A month ago we asked you to reimagine the future of The Lyceum and now we have an answer.
The Lyceum on Bold Street was once a gentlemen’s club, as well as the first lending library in Europe. The Neo-classical building was built in the years 1800-1802 and was established as an alternative meeting place to the rowdy coffee houses for several of Liverpool’s abolitionists, such as William Roscoe. The building has always had a rebellious feel to it and this was only heightened when the Liverpool branch of the Occupy movement chose this building as the place to protest. With such a strong history, it is incredibly sad to see the shadow of its former self. The once glossy coliseum-style podiums have gathered dust. The once bustling steps are now shelter for the homeless and the abandoned divinity has become too hard to not notice. It is easy to get distracted by the stats of how many new places are opening, but what about the places closing or staying closed?
A plan, that we’ve been reassured has been in motion for some time, has gathered much more impetus after our article where we collated your ideas for the future of the building. Liverpool BID Company have commissioned local artists to reflect ‘the human story of the war’ in time for the centenary of The Battle of the Somme, by using an archive of letters from soldiers to their loved ones held at Liverpool John Moore’s University. Letters and photographs from World War I are to be used in a poignant art installation that will transform an iconic Liverpool venue into a giant canvas. The giant commemorative artwork is to animate The Lyceum and hopefully, be the start of a purposeful future.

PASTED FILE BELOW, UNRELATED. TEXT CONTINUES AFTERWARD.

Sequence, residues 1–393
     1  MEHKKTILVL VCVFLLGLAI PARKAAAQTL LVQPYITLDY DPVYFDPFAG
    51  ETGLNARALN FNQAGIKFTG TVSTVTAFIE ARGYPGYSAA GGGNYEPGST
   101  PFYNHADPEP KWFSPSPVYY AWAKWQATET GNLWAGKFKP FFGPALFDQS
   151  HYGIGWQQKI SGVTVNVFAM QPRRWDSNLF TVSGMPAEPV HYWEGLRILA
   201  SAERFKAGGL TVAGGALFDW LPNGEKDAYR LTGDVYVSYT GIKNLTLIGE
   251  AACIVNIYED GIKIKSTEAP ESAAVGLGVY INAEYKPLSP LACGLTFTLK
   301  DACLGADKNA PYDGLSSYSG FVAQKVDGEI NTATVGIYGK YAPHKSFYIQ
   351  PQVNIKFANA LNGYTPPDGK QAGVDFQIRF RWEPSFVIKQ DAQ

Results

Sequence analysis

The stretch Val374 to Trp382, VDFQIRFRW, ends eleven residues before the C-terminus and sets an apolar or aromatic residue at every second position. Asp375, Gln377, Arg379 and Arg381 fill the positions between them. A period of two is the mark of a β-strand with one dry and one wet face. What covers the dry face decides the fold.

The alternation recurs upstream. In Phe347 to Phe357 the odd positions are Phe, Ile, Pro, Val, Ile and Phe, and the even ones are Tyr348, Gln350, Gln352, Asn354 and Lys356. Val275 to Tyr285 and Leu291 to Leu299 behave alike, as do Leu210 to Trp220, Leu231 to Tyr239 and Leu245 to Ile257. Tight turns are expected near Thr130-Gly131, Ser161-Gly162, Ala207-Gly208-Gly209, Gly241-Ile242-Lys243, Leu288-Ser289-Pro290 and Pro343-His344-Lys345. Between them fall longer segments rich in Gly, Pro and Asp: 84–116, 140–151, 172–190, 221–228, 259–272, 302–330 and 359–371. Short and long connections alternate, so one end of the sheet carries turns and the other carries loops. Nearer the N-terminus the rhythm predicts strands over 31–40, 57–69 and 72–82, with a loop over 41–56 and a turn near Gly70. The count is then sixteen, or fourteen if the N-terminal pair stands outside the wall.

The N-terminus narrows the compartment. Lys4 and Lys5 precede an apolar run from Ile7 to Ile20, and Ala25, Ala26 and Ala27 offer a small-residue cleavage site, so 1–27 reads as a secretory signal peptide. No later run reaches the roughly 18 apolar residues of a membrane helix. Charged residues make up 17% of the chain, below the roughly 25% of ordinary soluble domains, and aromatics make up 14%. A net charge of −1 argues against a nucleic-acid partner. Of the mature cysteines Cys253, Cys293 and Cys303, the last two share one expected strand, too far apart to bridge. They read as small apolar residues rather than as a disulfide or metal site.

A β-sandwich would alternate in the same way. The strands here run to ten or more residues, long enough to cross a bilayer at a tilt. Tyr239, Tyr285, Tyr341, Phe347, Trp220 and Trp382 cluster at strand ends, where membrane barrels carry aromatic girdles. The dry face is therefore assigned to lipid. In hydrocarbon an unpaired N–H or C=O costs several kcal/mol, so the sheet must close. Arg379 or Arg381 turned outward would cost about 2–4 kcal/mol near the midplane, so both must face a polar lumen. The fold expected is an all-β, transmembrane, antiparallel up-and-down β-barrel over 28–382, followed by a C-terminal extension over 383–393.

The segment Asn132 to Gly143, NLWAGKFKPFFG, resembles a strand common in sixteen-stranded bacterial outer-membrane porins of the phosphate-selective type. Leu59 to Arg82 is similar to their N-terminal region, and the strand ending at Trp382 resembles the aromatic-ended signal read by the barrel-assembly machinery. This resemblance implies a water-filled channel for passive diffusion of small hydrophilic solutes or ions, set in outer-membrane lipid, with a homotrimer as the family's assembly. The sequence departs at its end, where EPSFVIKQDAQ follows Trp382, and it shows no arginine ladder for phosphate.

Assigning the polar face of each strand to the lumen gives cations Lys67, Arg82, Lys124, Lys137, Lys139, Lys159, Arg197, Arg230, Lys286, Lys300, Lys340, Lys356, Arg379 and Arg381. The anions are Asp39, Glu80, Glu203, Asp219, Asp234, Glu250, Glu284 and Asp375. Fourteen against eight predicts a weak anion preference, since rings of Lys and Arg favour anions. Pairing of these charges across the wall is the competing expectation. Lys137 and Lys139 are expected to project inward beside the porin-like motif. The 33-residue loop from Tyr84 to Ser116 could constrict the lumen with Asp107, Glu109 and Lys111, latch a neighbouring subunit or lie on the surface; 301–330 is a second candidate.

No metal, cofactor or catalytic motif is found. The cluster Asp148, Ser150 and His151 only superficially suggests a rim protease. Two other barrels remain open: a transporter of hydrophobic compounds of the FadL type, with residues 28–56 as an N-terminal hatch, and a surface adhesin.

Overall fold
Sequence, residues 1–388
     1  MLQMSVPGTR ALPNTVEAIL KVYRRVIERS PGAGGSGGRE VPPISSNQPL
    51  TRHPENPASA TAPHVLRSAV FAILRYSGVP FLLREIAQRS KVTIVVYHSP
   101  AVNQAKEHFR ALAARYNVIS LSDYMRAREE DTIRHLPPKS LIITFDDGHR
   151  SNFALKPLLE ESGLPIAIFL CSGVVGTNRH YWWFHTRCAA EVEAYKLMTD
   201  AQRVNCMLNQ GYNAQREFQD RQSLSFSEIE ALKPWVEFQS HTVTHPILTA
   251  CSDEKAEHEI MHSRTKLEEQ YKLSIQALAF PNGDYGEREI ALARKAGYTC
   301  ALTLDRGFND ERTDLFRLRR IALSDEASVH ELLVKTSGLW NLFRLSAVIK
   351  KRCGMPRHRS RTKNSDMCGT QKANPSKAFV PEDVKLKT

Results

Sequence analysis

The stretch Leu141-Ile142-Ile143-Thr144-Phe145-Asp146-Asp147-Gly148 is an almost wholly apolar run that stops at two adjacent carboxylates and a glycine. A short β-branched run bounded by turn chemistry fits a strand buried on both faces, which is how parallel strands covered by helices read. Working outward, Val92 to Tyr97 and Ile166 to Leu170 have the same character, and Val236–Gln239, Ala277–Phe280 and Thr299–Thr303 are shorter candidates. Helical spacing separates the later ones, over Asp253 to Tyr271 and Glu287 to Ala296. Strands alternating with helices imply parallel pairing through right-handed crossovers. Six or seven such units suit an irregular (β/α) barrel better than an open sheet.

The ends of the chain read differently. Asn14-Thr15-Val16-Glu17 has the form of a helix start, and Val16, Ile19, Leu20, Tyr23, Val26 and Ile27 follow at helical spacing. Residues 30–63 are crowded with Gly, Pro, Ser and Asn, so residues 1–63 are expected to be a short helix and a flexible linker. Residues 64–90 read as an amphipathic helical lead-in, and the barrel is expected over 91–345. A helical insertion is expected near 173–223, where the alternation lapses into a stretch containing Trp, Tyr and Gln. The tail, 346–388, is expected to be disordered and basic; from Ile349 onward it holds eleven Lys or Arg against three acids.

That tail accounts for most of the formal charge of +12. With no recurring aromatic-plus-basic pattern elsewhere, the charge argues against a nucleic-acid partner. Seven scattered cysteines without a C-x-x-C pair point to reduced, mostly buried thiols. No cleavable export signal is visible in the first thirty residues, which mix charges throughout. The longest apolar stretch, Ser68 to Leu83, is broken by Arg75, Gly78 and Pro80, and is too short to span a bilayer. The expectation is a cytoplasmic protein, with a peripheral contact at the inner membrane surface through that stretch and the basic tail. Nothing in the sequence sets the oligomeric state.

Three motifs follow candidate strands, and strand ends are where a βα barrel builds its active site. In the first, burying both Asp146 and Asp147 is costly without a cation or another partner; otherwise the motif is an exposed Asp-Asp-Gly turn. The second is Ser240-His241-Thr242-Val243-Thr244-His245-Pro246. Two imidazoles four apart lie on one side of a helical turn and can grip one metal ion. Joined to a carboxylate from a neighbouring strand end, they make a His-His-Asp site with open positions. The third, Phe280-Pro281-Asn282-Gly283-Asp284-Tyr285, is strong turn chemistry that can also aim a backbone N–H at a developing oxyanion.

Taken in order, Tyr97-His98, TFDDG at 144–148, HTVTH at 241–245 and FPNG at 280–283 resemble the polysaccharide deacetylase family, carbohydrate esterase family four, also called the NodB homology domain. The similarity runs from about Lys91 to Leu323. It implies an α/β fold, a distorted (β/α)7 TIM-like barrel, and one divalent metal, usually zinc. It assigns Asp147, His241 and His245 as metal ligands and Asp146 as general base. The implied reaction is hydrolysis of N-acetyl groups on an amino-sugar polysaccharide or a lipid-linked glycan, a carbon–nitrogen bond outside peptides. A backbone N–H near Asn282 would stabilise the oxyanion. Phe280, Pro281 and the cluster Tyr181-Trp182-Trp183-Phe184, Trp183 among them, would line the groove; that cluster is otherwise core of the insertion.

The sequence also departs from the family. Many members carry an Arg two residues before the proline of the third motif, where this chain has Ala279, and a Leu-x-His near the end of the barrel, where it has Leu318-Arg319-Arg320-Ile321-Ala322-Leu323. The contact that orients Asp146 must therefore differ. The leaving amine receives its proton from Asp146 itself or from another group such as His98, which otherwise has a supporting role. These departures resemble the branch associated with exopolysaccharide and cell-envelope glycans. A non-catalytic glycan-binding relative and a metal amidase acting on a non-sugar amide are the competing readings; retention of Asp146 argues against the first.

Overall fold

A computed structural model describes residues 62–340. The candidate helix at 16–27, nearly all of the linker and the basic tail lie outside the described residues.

Designed by The Sound Agents: John Campbell and Moira Kenny, the installation will see five 14m high panels fixed between the building’s Doric columns and will also incorporate a poppy motif as a tribute to the fallen as well as a salute to the Weeping Window installation that adorned St George’s Hall, which attracted more than 350,000 people over the winter. The project was devised as part of Liverpool’s Healthy High Street programme, which aims to reduce the number of vacant units in the city centre, and subject to planning approval could be installed by mid-May.
Michael Doran, Communications Manager for Liverpool BID Company, which is co-funding the project via a levy raised on city centre businesses, said:
“There are so many untold stories about World War I and the reaction to the poppy installation at St George’s Hall inspired us to look at how we could bring them to life. “Once we heard about the letters archive and knowing The Lyceum was a former post office there was only one place we wanted to do this and we’re delighted that the owners have given it their full support. It will provide a perfect canvas to tell the truly astounding story of how our soldiers were able to communicate under unimaginable conditions, which in our digital age seems like a different universe.”